What were the exact opening words of the service?

"A very warm welcome to you all."

What books did the congregation use during the service?

Specially printed service booklet containing everything we needed for the service, including the music for the communion.

What musical instruments were played?

The magnificent organ.

Did anything distract you?

My bladder! I realised during the service that, after travelling a fairly long distance, I should have visited the "necessarium" before I took my seat in the nave. I was also trying to see if I could spot anybody I knew, so I did find my mind wandering from time to time. As usual, someone's telephone rang – during the bishop's sermon! – and continued to tune its merry note for quite some time.

Was the worship stiff-upper-lip, happy clappy, or what?

Formal Church of England stuff with the right amount of pomp for the occasion, not overdone. It began with a fanfare and procession, a wonderful spectacle: Our Lady borne high on the shoulders of the Guardians, the building wreathed with clouds of incense, attar of roses perfuming the air, and the heavenly singing of the Angelus. I espied many a tear-bedewed eye.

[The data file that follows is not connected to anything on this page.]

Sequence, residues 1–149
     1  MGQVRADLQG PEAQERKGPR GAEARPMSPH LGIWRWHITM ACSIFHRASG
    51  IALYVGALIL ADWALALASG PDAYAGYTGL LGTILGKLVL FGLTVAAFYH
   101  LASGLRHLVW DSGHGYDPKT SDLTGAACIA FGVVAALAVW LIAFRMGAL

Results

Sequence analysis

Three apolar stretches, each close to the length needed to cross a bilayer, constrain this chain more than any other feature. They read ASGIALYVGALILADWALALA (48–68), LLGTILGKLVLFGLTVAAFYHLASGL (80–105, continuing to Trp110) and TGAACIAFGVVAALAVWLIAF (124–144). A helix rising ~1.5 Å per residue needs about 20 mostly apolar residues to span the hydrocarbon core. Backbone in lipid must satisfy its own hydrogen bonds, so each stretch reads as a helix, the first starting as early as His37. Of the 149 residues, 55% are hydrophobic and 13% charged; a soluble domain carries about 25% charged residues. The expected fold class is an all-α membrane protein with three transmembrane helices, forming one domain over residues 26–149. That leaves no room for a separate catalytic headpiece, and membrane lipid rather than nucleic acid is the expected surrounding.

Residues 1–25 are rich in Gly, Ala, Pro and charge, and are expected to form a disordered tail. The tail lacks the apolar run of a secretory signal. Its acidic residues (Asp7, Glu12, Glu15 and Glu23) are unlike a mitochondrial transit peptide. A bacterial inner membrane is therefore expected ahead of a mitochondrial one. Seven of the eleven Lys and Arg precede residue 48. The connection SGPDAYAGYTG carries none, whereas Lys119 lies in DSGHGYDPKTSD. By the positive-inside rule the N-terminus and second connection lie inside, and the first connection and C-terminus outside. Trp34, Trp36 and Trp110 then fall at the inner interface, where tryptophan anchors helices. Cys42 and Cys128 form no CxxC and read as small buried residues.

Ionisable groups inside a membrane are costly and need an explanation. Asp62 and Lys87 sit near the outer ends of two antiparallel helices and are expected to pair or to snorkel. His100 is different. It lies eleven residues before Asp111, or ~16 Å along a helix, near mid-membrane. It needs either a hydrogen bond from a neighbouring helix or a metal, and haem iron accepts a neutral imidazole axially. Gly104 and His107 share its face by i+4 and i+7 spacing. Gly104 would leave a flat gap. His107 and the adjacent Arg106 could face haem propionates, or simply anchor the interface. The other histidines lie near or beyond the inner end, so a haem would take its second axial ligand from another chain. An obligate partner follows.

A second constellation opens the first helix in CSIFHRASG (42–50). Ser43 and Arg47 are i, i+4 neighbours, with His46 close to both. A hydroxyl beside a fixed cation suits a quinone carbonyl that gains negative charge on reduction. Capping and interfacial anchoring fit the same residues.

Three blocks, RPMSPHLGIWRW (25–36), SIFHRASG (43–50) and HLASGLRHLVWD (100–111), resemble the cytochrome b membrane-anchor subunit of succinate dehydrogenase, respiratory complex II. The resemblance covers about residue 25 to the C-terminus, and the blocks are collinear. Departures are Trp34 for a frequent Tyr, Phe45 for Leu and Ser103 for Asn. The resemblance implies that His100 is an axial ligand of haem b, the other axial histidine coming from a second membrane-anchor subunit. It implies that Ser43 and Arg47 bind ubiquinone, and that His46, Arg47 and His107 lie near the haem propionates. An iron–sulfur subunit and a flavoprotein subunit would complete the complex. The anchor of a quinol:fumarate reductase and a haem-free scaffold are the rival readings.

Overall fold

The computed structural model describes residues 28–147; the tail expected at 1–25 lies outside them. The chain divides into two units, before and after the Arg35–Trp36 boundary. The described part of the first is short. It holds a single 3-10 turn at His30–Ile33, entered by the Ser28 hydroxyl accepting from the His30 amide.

Exactly how long was the sermon?

23 minutes.

On a scale of 1-10, how good was the preacher?

6 – A tad tedious; reminded me of my old history master.

In a nutshell, what was the sermon about?

In a nutshell, Our Lady Of Walsingham! Billed as a homily, the bishop's talk invited us to consider the significance of Our Lady of Walsingham in the world and in our own personal lives.

Which part of the service was like being in heaven?

The fanfare that preceded the entrance into the minster of the statue of Our Lady of Walsingham sent a tingle down my spine. The statue had been resting overnight in the Church of St Wilfrid, Harrogate.

And which part was like being in... er... the other place?

The communion distribution took an absolute age, despite numerous clergy dotted about. While waiting, I had a devilish thought: a burning desire to place whoopee cushions on all the clergy's chairs! I had to fight my way back to my seat, tripping over handbags and other detritus scattered around the floor.